Drone surge: Predators patrol nearly half of US-Mexico border

Drone surge: Predators patrol nearly half of US-Mexico border
Predator drones are silently patrolling almost half of the United States’ border with Mexico, looking for illegal immigrants, human traffickers and drug cartels in desolated areas the government agents can’t realistically patrol.

The unmanned aircraft fly over about 900 miles of rural areas where there are no US Customs and Border Patrol (CPB) agents, camera towers, ground sensors or fences along the 1,954-mile border, according to a new report by the Associated Press. The Predator Bs use a high-resolution video camera and then return within three days for another video in the same spot, two officials told the wire service. The two videos are then overlaid for analysts who use sophisticated software to identify tiny changes.

There are changes in terrain in only eight percent of the drone missions under the current strategy ‒ known internally as “change detection” ‒ since it began in March 2013. Of those flagged missions, about four percent were false alarms, like tracks from livestock or farmers, and about two percent are inconclusive to the agents dispatched to the area to investigate. The remaining 2 percent offer evidence ‒ like footprints, broken twigs, trash ‒ of illegal crossings from Mexico, which typically results in ground sensors being planted for closer monitoring.

In the last year and a half, CPB has operated about 10,000 drone flights, with much of their missions over Texas. Border missions fly out of Sierra Vista, home of the U.S. Army Intelligence Center at Fort Huachuca, or Corpus Christi, Texas. They patrol at altitudes between 19,000 at 28,000 feet and between 25 and 60 miles of the border. The program is expected to expand the the Canadian border by the end of 2015.

The purpose is to assign agents where illegal activity is highest, R. Gil Kerlikowske, commissioner of Customs and Border Protection, the Border Patrol's parent agency, which operates nine unmanned aircraft across the country, told AP.

"You have finite resources," he said in an interview. "If you can look at some very rugged terrain (and) you can see there's not traffic, whether it's tire tracks or clothing being abandoned or anything else, you want to deploy your resources to where you have a greater risk, a greater threat."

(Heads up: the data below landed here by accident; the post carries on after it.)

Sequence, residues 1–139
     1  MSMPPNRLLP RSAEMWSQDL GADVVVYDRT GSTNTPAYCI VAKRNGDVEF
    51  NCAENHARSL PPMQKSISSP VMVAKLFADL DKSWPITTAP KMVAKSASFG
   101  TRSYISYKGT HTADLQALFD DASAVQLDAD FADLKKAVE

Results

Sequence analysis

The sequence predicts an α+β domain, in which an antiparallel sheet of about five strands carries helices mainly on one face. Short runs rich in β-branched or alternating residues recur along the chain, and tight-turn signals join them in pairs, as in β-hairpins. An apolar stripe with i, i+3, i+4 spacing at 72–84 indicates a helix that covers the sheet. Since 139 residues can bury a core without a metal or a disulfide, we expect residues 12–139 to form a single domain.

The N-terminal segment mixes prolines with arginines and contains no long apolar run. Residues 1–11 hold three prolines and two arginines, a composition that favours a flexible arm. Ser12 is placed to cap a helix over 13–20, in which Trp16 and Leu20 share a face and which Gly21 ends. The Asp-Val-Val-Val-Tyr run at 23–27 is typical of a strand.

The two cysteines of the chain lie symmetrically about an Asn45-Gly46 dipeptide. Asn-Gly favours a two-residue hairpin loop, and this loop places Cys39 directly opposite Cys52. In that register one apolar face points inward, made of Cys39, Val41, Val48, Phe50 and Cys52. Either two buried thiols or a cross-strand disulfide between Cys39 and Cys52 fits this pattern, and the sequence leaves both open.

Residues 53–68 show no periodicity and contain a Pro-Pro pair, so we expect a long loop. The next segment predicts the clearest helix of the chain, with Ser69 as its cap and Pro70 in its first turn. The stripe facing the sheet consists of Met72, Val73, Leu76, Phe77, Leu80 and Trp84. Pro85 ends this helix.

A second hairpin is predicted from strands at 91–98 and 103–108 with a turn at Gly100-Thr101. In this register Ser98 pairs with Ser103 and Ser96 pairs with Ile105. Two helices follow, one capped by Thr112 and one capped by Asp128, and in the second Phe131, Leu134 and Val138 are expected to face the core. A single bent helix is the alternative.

Gregory McNeal, a law professor and drone expert at Pepperdine University, told NBC News in July that the money spent on drones is worth it.

"This is a better way to patrol the border than helicopters," he said. "It’s not a comprehensive immigration solution or border security solution, but more surveillance time in the air will help plug gaps in the border."

A typical Predator drone can fly for 12 hours before landing, compared to three for a standard helicopter. But the cost is much higher: Predator drones require a crew of between five to eight people ‒ plus maintenance staff ‒ to operate, coming out to about $3,000 an hour to fly. And each one has an $18 million price tag, NBC News reported.

CPB began rolling out Predators in 2005, but rapidly expanded the unmanned aerial reconnaissance operation along the US-Mexico border at the beginning of this decade, the Washington Post reported in 2011.

Michael Kostelnik, a retired Air Force general and former test pilot who is the assistant commissioner of CPB’s Office of Air and Marine, told the Post then that he had yet to be challenged in Congress about the appropriate use of domestic drones. “Instead, the question is: Why can’t we have more of them in my district?” Kostelnik said.

In July, President Barack Obama requested $39.4 million for aerial surveillance, including troops, along the US-Mexican border. The emergency funding was for 16,526 additional drone and manned aircraft flight hours for border surveillance, and 16 additional drone crews to better detect and stop illegal activity, according to administration officials. The request was in response to the humanitarian crisis after tens of thousands of unaccompanied children and families illegally entered the country in the first half of the year.

“Border Patrol wants the money and it wants the drones,” McNeal said. “This is the kind of crisis where, if you are Border Patrol, you seize the opportunity to get more funding from Congress.”

The agency’s “unmanned and manned aircraft can continue to support ongoing border security operations, specifically regarding the tracking of illegal cross-border smuggling operations,” a CBP official told Nextgov.

The president’s request was part of a larger funding appeal of $3.7 billion to deal with the illegal immigrants and border security problems.

In January, CPB was forced to ground its entire fleet of drones after a mechanical function forced a crew to crash an unmanned aircraft valued at $12 million. The mishap lowered the number of agency drones to only nine.